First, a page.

The Power of Cooperatives

Working together to achieve success

North Dakota Farmers Union continues to work on behalf of

North Dakota farm families and their locally-owned cooperatives.

Meet Your Co-ops

North Central Grain Cooperative

North Central Grain Cooperative

with locations in Bisbee • Perth • Rock Lake • Rolette • Rolla • Dunseith • Overly

North Star Coop

North Star Coop

with locations in Cavalier • Neche • Park River
is an agricultural supply cooperative located in the northern Red River Valley, dealing in agricultural products, propane, fuel, oil, full automotive shops, convenience stores, and hardware stores.


Farmers Union Oil Co. of Stanley
Pinnacle is a member owned cooperative whose goal is to provide expert service, timely delivery of quality products and services at competitive prices. Be sure to check out their Facebook page and give them a like to keep up with all of their activiy.

Farmers Union Oil Co. of Turtle Lake

Turtle Lake Farmers Union Oil Co.
Located in Turtle Lake, the co-op provides full agronomy services along with a retail location for seed and chemical, seed treating and custom application. They also have a gas station and a C-store; they really do it all!

Farmers Union Oil Co. of Watford City

Farmers Union Oil Co. of Watford City.

The Farmers Union Oil Co. of Watford City offers gas and diesel, socks, and everything in between. They also have clothing and hardware as well. Be sure to visit their brand new website to check out more about them, view their catalogs and get access to your account!

What is a Cooperative

A cooperative (co-op) is defined as: “a farm, business, or other organization that is owned and run jointly by its members, who share the profits or benefits.” A co-op is owned and democratically controlled by people who use its services. Cooperatives exist primarily to serve their members. They pay tax on income kept within the cooperative for investment purposes and as a reserve, while surplus revenues from the cooperative are returned to the members, who pay tax on that income.

History of Cooperatives

Co-ops have been around since the very beginning of the United States. They have helped shape the character, economics and the social and political life of our state and nation. Farmers Union grew hand in hand with the locally owned Farmers Union cooperatives that evolved into the taproots for CHS Cenex Harvest States.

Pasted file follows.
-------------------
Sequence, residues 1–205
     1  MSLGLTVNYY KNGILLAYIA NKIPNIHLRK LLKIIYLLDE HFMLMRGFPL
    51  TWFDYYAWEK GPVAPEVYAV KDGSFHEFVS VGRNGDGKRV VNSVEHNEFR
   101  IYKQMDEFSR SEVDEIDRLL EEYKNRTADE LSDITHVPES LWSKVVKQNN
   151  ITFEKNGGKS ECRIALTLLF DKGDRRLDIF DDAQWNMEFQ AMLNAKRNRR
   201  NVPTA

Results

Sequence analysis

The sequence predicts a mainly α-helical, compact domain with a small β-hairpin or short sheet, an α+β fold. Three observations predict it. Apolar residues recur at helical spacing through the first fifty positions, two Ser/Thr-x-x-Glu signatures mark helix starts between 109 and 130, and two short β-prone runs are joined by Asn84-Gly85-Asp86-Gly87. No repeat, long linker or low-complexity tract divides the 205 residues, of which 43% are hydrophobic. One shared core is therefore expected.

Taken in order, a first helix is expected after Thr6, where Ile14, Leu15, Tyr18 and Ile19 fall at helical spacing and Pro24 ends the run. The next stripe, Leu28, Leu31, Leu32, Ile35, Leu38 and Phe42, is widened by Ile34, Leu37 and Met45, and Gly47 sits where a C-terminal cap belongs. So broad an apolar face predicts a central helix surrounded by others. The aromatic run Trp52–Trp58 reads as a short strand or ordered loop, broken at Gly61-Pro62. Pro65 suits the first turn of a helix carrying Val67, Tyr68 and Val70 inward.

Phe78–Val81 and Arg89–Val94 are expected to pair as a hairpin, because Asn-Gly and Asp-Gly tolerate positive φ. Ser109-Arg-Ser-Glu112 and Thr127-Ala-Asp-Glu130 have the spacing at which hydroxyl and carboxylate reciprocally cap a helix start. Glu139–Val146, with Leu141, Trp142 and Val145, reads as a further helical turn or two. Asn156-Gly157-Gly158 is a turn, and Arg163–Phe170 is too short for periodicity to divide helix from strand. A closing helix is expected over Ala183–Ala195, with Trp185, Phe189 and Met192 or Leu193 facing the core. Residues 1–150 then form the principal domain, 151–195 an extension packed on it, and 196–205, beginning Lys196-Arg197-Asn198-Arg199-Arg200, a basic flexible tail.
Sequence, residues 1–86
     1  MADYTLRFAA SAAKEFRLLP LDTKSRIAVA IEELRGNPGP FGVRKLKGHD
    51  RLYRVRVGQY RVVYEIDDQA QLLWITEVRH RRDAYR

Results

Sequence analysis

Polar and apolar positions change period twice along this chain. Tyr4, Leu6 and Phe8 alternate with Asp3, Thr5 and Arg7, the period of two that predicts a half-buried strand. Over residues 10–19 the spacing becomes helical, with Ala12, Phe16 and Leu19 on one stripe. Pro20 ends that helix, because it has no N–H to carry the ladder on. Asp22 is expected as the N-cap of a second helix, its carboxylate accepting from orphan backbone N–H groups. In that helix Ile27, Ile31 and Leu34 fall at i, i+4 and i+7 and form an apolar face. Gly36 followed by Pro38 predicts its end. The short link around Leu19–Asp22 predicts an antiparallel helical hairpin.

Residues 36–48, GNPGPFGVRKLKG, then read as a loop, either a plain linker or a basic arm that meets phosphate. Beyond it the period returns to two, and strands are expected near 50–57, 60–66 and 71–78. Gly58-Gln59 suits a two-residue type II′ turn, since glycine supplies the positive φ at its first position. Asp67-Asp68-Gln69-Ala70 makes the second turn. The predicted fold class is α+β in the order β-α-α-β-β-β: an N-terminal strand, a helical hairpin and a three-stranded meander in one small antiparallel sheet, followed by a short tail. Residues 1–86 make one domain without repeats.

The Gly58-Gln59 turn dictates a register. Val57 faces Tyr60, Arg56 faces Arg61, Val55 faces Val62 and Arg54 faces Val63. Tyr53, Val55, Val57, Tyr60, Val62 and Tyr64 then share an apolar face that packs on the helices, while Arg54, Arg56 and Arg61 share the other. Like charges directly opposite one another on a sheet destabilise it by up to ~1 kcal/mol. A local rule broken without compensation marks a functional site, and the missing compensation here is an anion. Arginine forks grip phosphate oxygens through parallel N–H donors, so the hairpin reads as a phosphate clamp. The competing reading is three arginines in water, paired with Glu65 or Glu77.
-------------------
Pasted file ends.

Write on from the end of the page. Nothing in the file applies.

“Co-ops represents a substantial part of North Dakota’s economy… and play an even greater role in the rural communities they serve by creating jobs, buying commodities from farmers, and serving as the linch-pin of local economic development efforts.” (Changing Landscapes, NDFU 75 Years of Growing Our Future)

Cooperatives have a big history in our nation and organization.

Cooperative Principles

The Rochdale Principles are a set of ideals for the operation of cooperatives that were first set out in 1844 by the Rochdale Society of Equitable Pioneers in Rochdale, England. They have formed the basis for the principles on which cooperatives around the world continue to operate.

Rochdale Principles
• Open membership – anyone can join
• Democratic control – one member, one vote
• Limited return on invested capital
• Patronage refunds in proportion to each member’s volume of business
• Sales at competitive prices
• Political and religious neutrality|
• Continuing cooperative education program
• Continuous expansion

Toad Lane Museum – the first premises of “The Rochdale Pioneers” early successful retail Cooperative, Rochdale England.

Loyalty has rewards

The people who purchase products and services from a cooperative are the stockholders or “member-owners” of the business. All members share in the profits of the business rather than just a few investors.

If the cooperative has a profitable year, you will receive a cash dividend based on the amount of business you did at the co-op. You will also build stock in your local cooperative that will be paid back to you in cash at a later date.

It pays to shop at your local co-op.

Democratic Control

In a co-op, democratic control means: one member, one vote. This was put in place to be sure that every member’s interest was covered. The belief for this principle is that every member is equal as a person, and that the cooperative belongs to the members and they have the right to manage it in such a way that the organization function like a democratic institution.